In his May 8 op-ed, “Will the U.S. abandon Taiwan?,” Josh Rogin argued that the Trump administration needs to be more supportive of Taiwan.
After a promising beginning with his phone call to Taiwanese President Tsai Ing-wen in December, President Trump has seriously slacked off, leaving a vibrantly democratic Taiwan in limbo.
In particular, the Trump administration’s hesitation in coming through with an adequate arms-sales package is deeply worrying. As described in Mr. Rogin’s op-ed, such a package would enjoy widespread bipartisan support in Congress and should not be delayed because of a vague hope that Beijing might be of assistance in resolving the North Korea crisis. Such expectations are unfounded.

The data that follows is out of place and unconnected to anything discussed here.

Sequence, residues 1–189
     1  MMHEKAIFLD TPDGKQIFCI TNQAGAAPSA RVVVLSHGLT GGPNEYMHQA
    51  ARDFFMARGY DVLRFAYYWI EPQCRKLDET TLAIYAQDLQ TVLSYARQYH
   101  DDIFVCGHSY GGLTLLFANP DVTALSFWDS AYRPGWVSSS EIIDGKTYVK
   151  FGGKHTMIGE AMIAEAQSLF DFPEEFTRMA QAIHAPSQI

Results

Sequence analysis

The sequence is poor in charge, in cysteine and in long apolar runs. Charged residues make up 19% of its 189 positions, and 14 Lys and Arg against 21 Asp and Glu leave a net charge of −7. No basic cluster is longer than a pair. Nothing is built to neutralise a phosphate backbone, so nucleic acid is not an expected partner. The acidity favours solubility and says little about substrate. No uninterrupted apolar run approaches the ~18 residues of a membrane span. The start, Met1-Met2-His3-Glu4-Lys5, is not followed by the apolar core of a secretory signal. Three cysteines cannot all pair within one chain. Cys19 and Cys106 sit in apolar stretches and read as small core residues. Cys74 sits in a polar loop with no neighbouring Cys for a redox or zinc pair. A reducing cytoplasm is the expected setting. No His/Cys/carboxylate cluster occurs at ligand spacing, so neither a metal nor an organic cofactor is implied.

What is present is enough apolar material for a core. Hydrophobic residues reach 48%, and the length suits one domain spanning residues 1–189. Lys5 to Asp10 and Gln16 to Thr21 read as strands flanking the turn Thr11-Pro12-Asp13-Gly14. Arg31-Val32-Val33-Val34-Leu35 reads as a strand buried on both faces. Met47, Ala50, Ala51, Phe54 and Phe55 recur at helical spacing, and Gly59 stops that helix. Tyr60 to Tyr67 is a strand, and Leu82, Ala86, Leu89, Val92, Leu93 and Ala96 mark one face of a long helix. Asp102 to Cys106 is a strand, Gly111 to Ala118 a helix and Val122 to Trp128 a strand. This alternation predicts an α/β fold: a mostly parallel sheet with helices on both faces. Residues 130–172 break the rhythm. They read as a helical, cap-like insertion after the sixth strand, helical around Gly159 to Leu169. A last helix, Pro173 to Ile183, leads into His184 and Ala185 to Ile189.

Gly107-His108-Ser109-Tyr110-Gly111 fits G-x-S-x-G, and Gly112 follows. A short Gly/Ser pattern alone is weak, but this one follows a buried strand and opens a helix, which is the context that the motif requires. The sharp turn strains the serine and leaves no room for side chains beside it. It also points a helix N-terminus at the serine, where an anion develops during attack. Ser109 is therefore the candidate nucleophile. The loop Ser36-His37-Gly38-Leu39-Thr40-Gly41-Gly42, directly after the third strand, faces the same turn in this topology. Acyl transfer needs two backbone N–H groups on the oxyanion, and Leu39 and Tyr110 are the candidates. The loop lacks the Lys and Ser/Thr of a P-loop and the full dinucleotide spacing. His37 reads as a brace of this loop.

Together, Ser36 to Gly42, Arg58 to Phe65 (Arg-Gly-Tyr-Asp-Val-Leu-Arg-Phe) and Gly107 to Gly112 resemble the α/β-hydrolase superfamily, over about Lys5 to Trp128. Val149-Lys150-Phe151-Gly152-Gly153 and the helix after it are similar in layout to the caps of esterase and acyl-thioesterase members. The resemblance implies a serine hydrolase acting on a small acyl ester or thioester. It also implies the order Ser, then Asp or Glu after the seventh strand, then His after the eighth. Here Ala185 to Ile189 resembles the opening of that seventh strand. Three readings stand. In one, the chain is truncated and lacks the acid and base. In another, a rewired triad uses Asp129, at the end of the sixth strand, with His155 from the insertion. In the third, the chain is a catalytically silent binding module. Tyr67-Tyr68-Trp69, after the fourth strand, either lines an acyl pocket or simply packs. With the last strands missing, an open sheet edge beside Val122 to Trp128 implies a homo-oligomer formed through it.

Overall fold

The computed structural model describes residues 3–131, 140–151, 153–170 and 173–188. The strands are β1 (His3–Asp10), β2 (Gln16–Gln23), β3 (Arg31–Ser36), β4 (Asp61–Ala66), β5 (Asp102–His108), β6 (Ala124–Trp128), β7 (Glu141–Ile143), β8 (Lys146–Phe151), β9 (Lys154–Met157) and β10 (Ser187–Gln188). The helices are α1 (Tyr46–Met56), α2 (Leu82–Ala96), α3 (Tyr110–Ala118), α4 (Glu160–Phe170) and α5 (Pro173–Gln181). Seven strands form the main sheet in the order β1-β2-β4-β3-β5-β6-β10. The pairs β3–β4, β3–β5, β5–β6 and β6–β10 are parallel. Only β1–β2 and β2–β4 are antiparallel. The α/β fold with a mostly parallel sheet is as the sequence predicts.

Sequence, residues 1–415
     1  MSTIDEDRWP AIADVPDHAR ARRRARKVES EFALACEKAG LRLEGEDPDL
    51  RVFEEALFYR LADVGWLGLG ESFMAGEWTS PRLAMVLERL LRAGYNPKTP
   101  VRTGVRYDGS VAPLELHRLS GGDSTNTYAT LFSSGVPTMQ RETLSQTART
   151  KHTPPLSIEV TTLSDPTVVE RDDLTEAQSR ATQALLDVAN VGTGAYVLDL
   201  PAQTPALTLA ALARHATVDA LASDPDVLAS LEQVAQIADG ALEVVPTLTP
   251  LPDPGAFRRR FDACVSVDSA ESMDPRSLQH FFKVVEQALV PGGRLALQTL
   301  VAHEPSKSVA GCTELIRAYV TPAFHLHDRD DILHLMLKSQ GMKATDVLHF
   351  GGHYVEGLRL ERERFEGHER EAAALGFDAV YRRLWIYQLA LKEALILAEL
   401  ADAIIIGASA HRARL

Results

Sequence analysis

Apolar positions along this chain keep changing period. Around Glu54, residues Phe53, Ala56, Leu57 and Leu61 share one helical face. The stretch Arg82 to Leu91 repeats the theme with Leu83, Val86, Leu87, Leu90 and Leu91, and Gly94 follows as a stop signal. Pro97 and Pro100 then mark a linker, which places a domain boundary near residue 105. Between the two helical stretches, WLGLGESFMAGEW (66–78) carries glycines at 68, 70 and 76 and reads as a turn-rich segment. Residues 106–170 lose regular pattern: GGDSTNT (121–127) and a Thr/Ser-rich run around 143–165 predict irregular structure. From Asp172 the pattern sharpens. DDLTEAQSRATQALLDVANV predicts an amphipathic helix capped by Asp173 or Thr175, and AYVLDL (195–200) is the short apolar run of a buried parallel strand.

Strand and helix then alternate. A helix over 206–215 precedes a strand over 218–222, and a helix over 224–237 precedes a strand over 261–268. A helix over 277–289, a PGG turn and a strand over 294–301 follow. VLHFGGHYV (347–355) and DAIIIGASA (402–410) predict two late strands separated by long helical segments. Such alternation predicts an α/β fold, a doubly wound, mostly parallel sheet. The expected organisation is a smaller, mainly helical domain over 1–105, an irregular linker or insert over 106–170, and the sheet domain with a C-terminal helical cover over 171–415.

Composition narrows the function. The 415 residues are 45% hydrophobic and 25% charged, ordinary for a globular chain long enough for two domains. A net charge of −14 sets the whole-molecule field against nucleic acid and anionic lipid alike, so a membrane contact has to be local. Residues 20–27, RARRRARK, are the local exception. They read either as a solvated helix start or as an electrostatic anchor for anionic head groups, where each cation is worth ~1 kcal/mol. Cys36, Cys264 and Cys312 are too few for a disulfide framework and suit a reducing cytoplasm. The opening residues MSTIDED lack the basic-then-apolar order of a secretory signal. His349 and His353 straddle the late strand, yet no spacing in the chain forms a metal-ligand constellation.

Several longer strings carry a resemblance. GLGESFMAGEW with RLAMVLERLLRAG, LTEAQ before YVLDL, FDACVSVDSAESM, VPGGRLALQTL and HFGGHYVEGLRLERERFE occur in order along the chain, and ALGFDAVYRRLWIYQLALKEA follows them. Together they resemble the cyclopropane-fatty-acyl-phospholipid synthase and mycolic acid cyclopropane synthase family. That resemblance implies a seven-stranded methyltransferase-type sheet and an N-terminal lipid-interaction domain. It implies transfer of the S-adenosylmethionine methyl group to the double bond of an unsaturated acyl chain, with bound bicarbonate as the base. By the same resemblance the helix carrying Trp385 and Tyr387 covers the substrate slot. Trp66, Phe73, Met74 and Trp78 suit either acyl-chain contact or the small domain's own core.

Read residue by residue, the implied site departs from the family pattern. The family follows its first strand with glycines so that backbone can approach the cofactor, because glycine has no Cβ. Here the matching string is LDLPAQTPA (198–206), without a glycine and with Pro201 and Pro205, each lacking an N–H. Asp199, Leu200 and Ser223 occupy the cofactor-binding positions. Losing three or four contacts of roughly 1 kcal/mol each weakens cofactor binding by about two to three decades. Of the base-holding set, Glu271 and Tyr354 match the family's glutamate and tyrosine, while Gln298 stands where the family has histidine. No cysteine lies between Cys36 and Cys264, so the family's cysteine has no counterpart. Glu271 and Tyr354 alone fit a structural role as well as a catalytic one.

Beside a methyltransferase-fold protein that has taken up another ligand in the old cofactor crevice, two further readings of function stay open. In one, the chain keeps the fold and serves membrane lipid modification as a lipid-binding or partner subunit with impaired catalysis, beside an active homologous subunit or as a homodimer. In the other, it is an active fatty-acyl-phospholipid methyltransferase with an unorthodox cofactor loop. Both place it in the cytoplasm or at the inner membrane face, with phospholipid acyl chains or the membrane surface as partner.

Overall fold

Mr. Trump indeed needs to make clear to Chinese President Xi Jinping that the United States will stand by its friend and ally Taiwan and that it would be best if China would accept Taiwan as a friendly neighbor. Beijing’s continuing threats to incorporate Taiwan are a major source of instability in the East Asia region.
Mr. Trump also needs to do more to help Taiwan join international organizations. The World Health Assembly in Geneva will meet in two weeks, but Taiwan still hasn’t received an invitation. On such issues as international health protection, no one should be left behind.
Gerrit van der Wees, Silver Spring
The answer to the challenge of maintaining a positive relationship with Beijing is not to sacrifice a stalwart friend. Rather, Washington has robust reasons to stand firm on its commitments to Taiwan. For U.S.-China relations to truly mature, they must grow beyond issues such as Taiwan and address challenges that deserve the focus of two great powers.
Kent Wang, Potomac Falls
The writer is an advisory commissioner for the Overseas Community Affairs Council of Republic of China (Taiwan) in the United States.